This study investigates the core elements of jazz piano learning through exploring the formative experiences of accomplished jazz pianists. This research is modeled after and is a continuation of the inquiry started in Victor Lin’s 2011 dissertation. The data was gathered through interviews with professional and critically acclaimed jazz pianists; the participants were Bill Charlap, Chick Corea, Glenn Zaleski, Harold Mabern, James Weidman, Kelly Green, Kevin Hays and Peter Cincotti. Thorough, qualitative analysis of the interview transcripts was performed to identify commonalities in learning patterns and experiences of the pianists despite their different musical backgrounds. The roles of piano teachers and method books were examined in detail in addition to the practicing habits, listening experiences and musical environments which were important for the participants’ development. Findings include the importance of a particular approach to aural skills for jazz musicians, one that connects in interesting ways with the concept of audiation developed by Edwin Gordon; the utility of assimilating music material in small chunks, leading to a “deep” learning approach towards learning tunes; and the advantage of a practice routine based on the standard jazz repertoire. Ideas on how these elements can be incorporated into a course of jazz piano study are discussed in the conclusion.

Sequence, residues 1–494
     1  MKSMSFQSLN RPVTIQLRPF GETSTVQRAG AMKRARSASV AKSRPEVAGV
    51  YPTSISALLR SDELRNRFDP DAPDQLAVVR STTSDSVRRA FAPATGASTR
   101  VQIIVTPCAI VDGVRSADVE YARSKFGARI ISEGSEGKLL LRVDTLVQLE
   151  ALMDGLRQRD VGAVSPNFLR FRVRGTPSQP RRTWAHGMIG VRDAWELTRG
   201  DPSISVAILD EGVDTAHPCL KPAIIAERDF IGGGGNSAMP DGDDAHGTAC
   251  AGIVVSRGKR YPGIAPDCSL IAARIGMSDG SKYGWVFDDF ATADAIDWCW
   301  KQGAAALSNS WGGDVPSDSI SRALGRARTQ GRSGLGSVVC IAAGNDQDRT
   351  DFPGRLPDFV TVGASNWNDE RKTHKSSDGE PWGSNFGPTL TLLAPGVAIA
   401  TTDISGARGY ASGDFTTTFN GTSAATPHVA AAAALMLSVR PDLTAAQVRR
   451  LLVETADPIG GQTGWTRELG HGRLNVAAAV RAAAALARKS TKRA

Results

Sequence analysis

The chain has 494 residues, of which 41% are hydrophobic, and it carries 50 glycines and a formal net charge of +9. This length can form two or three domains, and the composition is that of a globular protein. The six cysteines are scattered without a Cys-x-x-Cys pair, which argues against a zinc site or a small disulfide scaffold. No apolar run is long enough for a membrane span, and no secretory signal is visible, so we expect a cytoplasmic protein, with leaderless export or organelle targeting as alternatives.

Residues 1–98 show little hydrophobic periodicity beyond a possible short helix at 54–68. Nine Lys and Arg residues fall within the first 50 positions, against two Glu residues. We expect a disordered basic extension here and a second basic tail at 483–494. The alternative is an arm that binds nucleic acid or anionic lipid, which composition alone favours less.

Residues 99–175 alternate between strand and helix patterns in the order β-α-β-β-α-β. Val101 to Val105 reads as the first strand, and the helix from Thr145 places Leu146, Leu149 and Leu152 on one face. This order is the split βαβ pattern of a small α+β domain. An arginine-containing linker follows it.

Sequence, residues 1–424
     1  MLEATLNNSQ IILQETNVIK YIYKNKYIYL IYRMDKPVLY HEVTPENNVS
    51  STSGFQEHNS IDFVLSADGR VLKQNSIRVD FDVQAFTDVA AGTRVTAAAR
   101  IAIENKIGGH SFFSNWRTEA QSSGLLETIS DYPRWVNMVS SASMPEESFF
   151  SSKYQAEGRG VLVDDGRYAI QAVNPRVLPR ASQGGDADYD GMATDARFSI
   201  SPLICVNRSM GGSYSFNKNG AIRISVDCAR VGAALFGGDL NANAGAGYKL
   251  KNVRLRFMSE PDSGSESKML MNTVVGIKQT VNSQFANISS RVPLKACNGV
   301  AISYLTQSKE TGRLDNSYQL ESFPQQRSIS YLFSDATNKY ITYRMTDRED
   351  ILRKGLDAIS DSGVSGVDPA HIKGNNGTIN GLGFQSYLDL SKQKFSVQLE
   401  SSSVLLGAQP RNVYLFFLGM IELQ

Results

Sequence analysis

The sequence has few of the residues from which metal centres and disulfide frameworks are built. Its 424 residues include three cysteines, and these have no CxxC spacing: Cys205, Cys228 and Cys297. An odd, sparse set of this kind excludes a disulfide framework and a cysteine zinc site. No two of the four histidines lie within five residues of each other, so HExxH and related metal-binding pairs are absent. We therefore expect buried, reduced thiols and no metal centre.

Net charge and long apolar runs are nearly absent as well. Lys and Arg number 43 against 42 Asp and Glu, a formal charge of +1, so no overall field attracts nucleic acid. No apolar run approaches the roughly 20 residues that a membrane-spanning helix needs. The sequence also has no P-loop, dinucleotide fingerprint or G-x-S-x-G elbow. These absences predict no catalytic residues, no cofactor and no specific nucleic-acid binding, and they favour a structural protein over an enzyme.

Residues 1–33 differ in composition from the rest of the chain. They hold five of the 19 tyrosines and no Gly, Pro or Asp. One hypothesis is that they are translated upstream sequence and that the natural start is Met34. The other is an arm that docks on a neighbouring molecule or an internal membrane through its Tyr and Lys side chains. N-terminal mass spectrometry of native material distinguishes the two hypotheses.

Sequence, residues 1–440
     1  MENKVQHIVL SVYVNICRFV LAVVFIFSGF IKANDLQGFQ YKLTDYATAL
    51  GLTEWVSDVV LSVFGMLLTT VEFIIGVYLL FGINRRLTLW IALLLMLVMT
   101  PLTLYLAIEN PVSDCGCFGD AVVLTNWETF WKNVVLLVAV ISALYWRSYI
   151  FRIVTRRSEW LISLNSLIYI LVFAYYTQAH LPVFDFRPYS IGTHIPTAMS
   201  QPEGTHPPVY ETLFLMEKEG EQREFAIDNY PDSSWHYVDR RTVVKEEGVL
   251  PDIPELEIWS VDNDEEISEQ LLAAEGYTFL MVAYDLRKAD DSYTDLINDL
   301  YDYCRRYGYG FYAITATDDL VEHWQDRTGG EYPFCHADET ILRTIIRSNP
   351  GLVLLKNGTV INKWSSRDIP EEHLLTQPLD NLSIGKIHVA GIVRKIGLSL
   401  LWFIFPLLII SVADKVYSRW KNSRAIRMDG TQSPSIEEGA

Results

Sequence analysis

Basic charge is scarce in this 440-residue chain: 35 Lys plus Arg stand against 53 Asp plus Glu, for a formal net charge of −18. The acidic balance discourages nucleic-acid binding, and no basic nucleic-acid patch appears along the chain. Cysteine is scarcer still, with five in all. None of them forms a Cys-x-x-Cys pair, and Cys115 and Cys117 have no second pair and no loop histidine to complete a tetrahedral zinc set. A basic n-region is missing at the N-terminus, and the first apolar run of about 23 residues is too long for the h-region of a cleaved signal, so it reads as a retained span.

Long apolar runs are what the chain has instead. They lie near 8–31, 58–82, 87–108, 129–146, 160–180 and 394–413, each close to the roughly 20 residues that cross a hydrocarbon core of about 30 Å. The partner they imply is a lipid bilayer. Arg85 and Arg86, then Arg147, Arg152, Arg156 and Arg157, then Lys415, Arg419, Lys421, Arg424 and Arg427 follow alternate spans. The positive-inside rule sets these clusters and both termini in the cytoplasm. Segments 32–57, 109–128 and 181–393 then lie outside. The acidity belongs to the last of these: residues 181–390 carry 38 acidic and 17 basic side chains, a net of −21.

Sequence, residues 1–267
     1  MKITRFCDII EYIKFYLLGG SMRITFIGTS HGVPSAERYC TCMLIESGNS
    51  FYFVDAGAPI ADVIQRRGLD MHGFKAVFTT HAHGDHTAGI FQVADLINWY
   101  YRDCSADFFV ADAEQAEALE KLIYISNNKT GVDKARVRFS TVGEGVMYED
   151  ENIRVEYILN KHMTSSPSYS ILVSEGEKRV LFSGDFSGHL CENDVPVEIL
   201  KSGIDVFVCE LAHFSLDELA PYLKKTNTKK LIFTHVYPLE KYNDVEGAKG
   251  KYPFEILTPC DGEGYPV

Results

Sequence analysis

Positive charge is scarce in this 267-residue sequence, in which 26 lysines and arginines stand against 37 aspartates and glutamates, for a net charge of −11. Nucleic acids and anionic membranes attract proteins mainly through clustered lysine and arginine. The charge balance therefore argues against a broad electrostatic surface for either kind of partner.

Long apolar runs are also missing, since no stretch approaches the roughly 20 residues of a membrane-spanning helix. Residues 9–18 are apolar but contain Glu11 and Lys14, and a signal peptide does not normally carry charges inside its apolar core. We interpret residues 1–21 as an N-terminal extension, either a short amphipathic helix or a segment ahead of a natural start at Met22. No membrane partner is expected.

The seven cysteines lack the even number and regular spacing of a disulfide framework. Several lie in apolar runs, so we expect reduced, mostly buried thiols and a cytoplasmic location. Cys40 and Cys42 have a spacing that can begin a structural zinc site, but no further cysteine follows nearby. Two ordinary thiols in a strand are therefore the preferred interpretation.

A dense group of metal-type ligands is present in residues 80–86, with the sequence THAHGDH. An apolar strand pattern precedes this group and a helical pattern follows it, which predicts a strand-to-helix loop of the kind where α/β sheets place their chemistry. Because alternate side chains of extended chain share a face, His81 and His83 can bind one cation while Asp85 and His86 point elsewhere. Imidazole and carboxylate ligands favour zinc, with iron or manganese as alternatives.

|Commitee:||DeMotta, David, Frierson-Campbell, Carol, Newman, Timothy|
|School:||The William Paterson University of New Jersey|
|School Location:||United States -- New Jersey|
|Source:||MAI 58/06M(E), Masters Abstracts International|
|Subjects:||Pedagogy, Music education|
|Keywords:||Audiation, Charlap, Bill, Corea, Chick, Jazz education, Jazz piano, Mabern, Harold|
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